By Andy May
In 2000, Richard Alley released an ice core temperature reconstruction for Central Greenland using Oxygen isotope ratios. He describes the technique used here. I used this ice core proxy data in a previous post “Climate and Civilization for the past 4,000 years.” Since Alley’s data stops at 1855, I spliced the Greenland HadCRUT surface temperature data on the end to show the Modern Warm Period. In the previous post I erroneously thought Alley’s reconstruction stopped at 1905, not at 1855, so the plot in the earlier post is shifted 50 years. This problem is corrected in this post. I spent too little time on the splice, since my focus was on the effect of climate on civilization and several commenters rightly objected to the error. These included David Middleton, who offered up a better Central Greenland reconstruction by Kobashi, et al. as an alternative. A little research and I was able to find a 4,000 year reconstruction to 1993 by Kobashi et al.
Kobashi uses Argon and Nitrogen isotopic ratios from air bubbles in the ice to estimate paleo-temperatures. He claims that that his method is more accurate than the Oxygen isotope ratios Alley used. Details of Kobashi’s methods are in his PhD thesis, which can be seen here. His unsmoothed results from 2,000 BC to 1993 are shown in Figure 1.
It certainly has a higher resolution than Alley’s dataset. It also has major differences at 700AD and 400BC. Figure 2 is the Alley dataset and the HadCRUT 4.4 surface data corrected for the 50 year error in my previous post. The HadCRUT 4.4 central Greenland temperature anomaly record (in red) is adjusted to the Kobashi record average from 1876-1967 after smoothing both reconstructions. This makes the HadCRUT Greenland temperatures 0.43°C lower than in the previous post. In this plot, the Modern Warm Period is slightly lower than Alley’s Medieval Warm Period.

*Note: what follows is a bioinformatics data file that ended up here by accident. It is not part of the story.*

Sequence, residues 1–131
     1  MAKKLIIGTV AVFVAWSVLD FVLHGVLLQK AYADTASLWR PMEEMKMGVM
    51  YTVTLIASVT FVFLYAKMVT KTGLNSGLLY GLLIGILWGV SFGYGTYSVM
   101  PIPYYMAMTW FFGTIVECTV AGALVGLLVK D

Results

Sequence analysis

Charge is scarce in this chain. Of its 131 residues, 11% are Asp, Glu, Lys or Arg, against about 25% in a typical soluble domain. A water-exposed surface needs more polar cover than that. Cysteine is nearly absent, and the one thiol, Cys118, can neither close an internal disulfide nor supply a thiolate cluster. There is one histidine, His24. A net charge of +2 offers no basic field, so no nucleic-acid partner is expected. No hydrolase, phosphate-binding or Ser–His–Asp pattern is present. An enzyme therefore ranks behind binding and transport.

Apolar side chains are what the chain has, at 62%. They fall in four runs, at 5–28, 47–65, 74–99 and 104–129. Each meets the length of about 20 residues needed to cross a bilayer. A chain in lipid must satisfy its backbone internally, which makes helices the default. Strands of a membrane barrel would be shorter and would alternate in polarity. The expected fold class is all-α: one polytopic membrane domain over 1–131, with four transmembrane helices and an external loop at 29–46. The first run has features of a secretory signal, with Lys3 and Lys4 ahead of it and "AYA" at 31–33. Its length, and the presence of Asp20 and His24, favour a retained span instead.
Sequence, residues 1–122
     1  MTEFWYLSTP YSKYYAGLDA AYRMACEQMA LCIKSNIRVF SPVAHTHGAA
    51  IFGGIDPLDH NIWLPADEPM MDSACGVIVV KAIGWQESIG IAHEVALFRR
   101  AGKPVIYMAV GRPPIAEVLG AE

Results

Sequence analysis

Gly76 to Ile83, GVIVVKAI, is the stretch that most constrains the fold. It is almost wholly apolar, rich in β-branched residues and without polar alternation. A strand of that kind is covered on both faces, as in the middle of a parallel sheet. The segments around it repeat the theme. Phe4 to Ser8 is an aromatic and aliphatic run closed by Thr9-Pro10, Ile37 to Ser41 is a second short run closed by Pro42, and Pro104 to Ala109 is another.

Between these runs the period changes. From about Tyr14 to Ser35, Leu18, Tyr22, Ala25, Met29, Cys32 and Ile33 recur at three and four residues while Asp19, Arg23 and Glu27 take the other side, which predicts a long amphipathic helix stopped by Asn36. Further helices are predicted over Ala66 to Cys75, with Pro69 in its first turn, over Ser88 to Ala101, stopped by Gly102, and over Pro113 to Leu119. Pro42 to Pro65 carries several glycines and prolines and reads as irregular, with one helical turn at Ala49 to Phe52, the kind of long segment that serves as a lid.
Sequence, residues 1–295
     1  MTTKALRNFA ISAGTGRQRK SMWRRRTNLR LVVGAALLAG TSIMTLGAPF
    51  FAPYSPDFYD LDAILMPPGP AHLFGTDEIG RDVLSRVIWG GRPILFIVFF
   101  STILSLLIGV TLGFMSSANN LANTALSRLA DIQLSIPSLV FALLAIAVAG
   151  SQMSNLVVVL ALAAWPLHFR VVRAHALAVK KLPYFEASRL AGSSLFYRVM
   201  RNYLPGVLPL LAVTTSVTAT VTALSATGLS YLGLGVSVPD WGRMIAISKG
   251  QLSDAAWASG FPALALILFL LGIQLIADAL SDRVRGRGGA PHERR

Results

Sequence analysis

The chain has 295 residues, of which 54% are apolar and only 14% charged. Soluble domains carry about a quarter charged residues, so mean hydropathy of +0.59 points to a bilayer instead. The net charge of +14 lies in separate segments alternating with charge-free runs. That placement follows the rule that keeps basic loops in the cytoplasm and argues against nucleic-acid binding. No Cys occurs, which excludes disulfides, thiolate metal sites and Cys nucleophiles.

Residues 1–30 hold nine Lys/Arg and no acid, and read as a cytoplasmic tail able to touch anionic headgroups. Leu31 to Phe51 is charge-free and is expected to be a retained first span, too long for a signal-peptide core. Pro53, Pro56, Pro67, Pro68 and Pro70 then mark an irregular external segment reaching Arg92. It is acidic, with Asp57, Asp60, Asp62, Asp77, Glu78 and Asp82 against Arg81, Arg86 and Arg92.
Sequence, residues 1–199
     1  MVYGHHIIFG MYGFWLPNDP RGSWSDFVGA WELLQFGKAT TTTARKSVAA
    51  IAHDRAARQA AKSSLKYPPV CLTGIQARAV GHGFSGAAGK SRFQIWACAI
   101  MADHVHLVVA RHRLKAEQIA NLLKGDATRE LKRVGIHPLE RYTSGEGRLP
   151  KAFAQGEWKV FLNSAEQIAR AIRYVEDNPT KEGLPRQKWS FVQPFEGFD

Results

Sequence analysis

Figure 3 compares all three datasets. The Kobashi data has been smoothed with a 50 year moving average to make the comparison easier. Alley is unsmoothed and the HadCRUT 4.4 data is smoothed with a 20 year moving average. Both the Medieval and the Minoan warm periods are shifted roughly 50 years between the Alley and Kobashi reconstructions. I take this as the time error (roughly +-50 years) in the datasets. The temperature swings in the Kobashi dataset are more dramatic, but allowing for the time error and resolution differences, generally follow temperature swings in the Alley dataset. Visually, Kobashi’s record has roughly 3x the resolution of the Alley dataset. There are two big differences, the major Kobashi temperature high in 700AD and the major Kobashi temperature low about 550 to 350BC. These differences exceed the apparent error bars of +-50 years and the difference in resolution. Remember both of these datasets were created using the same GISP2 ice cores.
What we can do is go to the historical record to see which record corresponds to history better. Figure 4 is the Figure 1 from my previous post, except I’ve added the Kobashi record and corrected the 50 year error. As before you can click on the figure to get a high resolution PDF.
Figure 4 (click on the image to download a high resolution pdf)
Close inspection of these historical events shows that they fit both reconstructions within acceptable limits. The periods where the timelines differ a lot (400BC and 700AD) have no events. There is also a significant gap at 200BC when the Roman Empire and the Han Dynasty were beginning, but that probably does not disqualify either temperature record.